Did I mention many of the US Allies are spending under the minimum of 2% of GDP or the fact the future Defense Budget are very likely to decline in the coming decade.....

Sure we can go it alone no problem.......... :doh:


You didn't read my argument. Or perhaps, I didn't present it as clearly as I could have.

MONEY is always nice. And I agree with you/Trump that most of these nations need to start pulling their weight. But which of these foreign nations are going to contribute their EXPERTISE, and what is that?

Only ONE nation has built stealth fighters, bombers and strike fighters. Only ONE nation has true 5th gen engines flying. And only ONE nation has the sensor suite that so robustly enhances SA, it's a game changer. That would be the US.

Besides, even without foreign investment we'll just do what we've been doing - print more money. Is that a smart strategy? Nope. Will it come back to bite us in the end? For sure. But there will be no significant foreign expertise contributed, and quite likely no real (significant) $. Some of these nations are in a worse position financially than the US (many, in fact). So after they've all contributed to the F-35... how much $ is going to be left?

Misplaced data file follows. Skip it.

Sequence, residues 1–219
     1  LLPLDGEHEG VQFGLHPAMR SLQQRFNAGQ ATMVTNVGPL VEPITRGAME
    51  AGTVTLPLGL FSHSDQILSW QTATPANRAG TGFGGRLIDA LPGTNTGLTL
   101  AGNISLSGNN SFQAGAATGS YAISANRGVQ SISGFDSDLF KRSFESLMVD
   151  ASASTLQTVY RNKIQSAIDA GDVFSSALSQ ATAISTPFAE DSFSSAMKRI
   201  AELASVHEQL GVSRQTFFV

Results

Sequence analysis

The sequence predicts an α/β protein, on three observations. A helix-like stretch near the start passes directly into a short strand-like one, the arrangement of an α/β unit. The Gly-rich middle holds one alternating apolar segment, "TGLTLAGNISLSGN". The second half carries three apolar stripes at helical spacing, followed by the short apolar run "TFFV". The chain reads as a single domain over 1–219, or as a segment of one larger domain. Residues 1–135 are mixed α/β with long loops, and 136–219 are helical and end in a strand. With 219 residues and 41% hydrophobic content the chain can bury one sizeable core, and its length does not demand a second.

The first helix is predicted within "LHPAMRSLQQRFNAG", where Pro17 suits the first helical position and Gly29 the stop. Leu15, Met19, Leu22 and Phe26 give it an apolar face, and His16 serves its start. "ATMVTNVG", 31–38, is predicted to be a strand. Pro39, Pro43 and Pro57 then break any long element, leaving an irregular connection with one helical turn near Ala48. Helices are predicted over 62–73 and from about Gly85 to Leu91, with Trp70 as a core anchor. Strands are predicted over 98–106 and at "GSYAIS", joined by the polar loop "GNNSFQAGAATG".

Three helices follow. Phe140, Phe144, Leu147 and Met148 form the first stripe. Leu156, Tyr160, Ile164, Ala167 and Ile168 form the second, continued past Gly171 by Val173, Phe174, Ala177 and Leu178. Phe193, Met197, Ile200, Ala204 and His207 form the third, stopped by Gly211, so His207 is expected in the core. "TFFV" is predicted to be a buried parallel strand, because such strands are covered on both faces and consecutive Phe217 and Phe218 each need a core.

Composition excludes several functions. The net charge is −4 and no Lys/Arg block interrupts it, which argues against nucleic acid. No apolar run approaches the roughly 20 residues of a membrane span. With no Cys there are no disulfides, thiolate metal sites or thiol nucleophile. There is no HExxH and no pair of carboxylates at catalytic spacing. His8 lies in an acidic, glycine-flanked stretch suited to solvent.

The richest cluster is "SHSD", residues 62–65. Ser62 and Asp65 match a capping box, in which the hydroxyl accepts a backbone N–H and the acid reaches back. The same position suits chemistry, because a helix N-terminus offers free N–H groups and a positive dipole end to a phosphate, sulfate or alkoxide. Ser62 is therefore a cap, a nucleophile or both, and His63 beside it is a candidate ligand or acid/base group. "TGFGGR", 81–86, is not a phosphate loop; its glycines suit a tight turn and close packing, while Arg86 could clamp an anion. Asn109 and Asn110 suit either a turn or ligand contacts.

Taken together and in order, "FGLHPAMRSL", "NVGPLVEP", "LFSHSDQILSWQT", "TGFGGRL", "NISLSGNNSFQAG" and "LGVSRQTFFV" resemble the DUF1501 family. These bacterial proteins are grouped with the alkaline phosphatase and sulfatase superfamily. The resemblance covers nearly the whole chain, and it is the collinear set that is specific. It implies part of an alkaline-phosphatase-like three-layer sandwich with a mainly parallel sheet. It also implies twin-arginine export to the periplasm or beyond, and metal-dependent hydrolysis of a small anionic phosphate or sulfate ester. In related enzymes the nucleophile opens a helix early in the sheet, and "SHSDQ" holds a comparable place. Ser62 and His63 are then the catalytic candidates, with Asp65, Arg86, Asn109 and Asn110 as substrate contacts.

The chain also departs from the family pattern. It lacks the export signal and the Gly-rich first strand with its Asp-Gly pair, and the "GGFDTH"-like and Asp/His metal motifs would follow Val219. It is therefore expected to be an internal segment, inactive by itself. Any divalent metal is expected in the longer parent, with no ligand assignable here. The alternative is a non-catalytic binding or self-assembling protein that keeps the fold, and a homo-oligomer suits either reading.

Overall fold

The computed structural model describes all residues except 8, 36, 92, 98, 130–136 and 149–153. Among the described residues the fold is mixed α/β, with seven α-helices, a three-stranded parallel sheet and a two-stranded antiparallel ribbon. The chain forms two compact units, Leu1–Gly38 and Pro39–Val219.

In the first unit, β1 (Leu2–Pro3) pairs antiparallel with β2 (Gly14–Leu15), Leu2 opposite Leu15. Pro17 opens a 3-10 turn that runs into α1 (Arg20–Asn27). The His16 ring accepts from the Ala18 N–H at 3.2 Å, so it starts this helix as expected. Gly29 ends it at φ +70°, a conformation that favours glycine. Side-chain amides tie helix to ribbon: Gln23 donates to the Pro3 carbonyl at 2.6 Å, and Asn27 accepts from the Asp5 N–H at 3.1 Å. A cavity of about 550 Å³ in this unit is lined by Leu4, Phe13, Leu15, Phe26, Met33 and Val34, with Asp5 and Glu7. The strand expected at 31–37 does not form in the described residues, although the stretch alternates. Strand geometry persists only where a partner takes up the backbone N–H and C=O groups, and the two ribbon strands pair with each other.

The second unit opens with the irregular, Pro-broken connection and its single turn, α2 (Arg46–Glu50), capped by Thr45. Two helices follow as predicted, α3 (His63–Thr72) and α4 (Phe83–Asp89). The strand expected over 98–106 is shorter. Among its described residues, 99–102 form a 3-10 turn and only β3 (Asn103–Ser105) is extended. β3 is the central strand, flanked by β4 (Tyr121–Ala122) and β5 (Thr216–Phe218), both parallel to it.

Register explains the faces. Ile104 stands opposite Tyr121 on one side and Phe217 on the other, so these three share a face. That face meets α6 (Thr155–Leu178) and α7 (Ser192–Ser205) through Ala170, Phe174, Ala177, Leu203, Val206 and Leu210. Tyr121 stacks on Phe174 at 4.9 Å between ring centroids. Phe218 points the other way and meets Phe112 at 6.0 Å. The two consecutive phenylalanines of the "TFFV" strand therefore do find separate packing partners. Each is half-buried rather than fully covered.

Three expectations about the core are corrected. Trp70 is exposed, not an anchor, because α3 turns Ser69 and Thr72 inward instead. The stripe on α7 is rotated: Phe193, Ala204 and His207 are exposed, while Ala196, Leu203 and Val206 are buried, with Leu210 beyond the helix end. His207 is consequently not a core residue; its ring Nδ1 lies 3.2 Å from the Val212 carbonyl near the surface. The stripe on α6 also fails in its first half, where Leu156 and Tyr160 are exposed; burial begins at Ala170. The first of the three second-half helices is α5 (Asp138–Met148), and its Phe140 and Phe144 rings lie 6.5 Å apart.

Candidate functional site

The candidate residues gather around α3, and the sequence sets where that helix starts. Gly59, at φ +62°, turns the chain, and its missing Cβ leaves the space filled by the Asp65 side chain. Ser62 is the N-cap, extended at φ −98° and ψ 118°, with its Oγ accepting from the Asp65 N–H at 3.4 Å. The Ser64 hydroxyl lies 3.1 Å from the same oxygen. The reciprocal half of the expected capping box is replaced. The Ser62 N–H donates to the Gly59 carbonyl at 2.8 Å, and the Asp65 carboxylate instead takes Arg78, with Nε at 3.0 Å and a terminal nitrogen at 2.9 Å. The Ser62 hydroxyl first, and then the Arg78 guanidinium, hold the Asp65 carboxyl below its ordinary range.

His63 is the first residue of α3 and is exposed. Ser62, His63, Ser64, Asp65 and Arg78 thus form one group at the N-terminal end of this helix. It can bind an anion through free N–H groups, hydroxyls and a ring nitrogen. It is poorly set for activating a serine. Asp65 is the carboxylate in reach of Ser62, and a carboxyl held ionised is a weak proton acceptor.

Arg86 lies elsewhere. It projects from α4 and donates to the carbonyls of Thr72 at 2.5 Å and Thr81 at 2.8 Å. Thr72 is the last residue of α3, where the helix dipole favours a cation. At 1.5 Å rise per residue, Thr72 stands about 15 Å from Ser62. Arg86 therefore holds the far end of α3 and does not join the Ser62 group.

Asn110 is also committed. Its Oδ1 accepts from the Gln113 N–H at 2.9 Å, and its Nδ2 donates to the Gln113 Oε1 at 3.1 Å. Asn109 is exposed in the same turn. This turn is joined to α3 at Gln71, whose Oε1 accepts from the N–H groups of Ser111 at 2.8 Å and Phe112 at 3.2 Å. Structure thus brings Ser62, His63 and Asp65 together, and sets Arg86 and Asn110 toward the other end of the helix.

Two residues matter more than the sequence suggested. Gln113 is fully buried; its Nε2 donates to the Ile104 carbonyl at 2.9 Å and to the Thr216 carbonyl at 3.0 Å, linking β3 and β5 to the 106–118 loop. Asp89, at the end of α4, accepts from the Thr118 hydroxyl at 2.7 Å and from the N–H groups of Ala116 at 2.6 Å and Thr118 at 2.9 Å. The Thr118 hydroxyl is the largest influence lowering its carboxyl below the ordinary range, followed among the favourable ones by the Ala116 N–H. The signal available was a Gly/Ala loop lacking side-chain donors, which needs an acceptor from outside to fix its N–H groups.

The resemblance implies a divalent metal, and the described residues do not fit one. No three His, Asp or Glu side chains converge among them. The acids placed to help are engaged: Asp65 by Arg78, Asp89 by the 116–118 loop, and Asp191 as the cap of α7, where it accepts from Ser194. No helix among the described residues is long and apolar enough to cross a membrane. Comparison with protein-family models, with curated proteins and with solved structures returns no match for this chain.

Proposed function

In either case, I think the foreign contributions will be negligible..
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Unread post23 Apr 2019, 16:48

I also think going it alone will be the best strategy.
Making it a joint venture and having other allies foot the bill means they will also have a bigger voice in a program.

-France wanted to use their engines on the Eurofighter. They also wanted to spearhead the program.
-Israel wanted their own ECM suits in their F-35s.
-Japan, Korea, India and Turkey may put more emphasis on super maneuverability and super cruise as all their 5th gen proposals seem to be Raptor copies. While the US may put more emphasis on Range.
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Unread post24 Apr 2019, 15:00

Exactly. Too many cooks in the kitchen..